Institut National de Recherche Agricole
Mr. Bernadin Lokossou
West African Tall Ouidah (WAT06)
Benin, officially the Republic of Benin, is a country of western Africa. It borders Togo to the west, Nigeria to the east and Burkina Faso and Niger to the north. The economy of Benin remains dependent on subsistence agriculture, cotton production, and regional trade.
As with other countries in the West African region, coconut is considered the second most economically important perennial oil crop in Benin. The most common variety planted is the West African Tall (WAT). The WAT was most probably introduced from Mozambique. Additionally, the variety was first planted in the country at Ouidah around the 17th century (Sanoussi, 1998). Aside from WAT, other varieties grown in Benin include the hybrid PB 121, which is a cross between the Malayan Yellow Dwarf and the West African Tall (MYD x WAT), and, less extensively, PB 111 which is a cross between the Cameroon Red Dwarf and the West African Tall (CRD x WAT). The total area planted with coconut in the country is estimated at 15 000 ha, about 90% of which is tended by smallholder farmers with average farm sizes ranging from 0.5 to 1.0 ha, although some large scale plantations or estates also exist varying in sizes from 5 to 50 ha each (Sanoussi 2005). Some of these smallholder farmers also rear cattle on their coconut farms, while others grow intercrops like cassava, maize, bean and groundnut as staple food, while their coconut palms are still young.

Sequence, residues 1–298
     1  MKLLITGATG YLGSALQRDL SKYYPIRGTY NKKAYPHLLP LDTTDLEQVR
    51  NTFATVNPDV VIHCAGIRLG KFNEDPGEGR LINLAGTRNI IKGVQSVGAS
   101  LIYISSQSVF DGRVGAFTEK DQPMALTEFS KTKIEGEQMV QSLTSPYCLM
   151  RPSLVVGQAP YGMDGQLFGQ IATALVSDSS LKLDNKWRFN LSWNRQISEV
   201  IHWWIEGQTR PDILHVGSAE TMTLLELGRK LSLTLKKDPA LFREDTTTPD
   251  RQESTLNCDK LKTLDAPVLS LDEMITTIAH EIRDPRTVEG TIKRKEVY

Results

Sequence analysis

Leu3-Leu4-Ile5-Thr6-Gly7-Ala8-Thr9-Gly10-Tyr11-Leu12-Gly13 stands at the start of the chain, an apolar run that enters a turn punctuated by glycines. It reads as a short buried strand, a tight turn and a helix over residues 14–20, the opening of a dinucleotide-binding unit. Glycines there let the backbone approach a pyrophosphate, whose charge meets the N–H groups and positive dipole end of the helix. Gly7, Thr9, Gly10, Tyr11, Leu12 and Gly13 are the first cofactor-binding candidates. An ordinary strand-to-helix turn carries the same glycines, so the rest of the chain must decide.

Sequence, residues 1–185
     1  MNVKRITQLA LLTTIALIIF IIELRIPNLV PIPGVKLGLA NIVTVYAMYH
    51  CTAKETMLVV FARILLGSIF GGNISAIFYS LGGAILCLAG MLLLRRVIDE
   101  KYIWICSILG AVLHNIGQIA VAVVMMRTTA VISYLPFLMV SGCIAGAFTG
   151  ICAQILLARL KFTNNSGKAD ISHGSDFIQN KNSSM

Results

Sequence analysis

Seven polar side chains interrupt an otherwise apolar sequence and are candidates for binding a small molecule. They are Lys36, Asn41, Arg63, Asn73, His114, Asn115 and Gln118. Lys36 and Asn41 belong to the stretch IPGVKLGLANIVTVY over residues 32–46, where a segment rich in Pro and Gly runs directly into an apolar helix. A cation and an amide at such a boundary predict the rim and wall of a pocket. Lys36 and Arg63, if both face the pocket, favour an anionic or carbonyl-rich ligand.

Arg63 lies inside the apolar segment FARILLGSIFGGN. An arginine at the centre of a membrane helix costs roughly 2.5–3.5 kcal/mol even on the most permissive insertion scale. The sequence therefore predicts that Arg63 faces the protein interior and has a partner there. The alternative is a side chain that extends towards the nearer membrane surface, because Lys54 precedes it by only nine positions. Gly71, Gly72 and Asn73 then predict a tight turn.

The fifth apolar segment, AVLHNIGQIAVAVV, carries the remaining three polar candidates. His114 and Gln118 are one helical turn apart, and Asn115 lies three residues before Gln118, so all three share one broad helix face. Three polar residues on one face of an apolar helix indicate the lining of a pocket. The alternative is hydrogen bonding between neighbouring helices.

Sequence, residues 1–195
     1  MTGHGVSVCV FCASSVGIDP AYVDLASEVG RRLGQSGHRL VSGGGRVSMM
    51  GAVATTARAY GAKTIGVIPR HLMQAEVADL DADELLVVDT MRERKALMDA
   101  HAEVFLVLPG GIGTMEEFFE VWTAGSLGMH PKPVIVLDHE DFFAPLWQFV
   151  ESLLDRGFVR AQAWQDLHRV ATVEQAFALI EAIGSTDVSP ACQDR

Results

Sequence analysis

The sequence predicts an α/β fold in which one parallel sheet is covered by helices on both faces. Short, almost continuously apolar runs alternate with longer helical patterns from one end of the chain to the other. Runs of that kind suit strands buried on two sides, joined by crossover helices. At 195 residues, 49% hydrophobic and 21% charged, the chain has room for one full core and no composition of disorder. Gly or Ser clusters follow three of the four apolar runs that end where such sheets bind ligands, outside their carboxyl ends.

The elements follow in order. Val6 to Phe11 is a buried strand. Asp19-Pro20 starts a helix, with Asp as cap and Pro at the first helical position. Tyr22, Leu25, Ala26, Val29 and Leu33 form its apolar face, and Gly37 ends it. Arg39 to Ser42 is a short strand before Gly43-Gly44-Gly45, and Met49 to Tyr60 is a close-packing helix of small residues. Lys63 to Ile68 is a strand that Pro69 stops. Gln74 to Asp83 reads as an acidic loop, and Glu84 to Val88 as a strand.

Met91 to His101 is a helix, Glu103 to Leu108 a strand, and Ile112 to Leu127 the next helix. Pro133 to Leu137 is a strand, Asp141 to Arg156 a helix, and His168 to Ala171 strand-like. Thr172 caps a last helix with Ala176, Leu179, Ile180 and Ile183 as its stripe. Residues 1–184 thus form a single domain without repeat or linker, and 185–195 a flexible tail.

Located 20 km from Cotonou on the Porto-Novo Road, the Seme Podji research station was created in 1949 by the Institut de Recherches sur les Huiles et Oléagineux (IRHO) one of the research institutes now merged into CIRAD. Today, the station is part of a research facility belonging to the National Institute of Agricultural Research of Benin. The main research areas are: the creation of high yielding coconut varieties, the release of technological package for plantation management of hybrid coconut varieties, and the regeneration of soils under old coconut groves. Only four coconut varieties are conserved there, namely the West African Tall, Malayan Yellow, Brazilian Green and Cameroon Red Dwarf.
More info: Conserved coconut germplasm from Benin (1.2MB)
Collaborative Activities between BIOVERSITY/COGENT and Benin
1. Capacity Building
a) Technical assistance/expert advice
In 1998 and 2002, two experts visited Benin to identify research and development needs and to formulate an Africa/Indian Ocean coconut regional project proposal and assisted in the conduct of the multilocational trial project.
b) Training and human resources development
One local coconut researchers was sent to the Regional STANTECH Trainer’s Course in Cote d’Ivoire in 1997; Training Course on Technical Writing, Seminar Presentation, Public Awareness and Proposal Preparation for coconut Researchers in Merida, Mexico in 2003 and Statistical Design and Germplasm x Environment Interaction Analysis Training Course, 25 – 27 November 2004, Kuala Lumpur, Malaysia.
c) COGENT meetings/workshops
No COGENT –sponsored or –initiated meetings or workshops have been held in the country.
2. Research Projects
One project was carried out in the country, with the Institut National des Recherches Agricoles du Benin (INRAB) as the implementing agency.
3. Financial Support and Funding
CFC provided funding support for the coconut project in Benin totaling US$39,083, with the national government giving counterpart financing of US$33,333.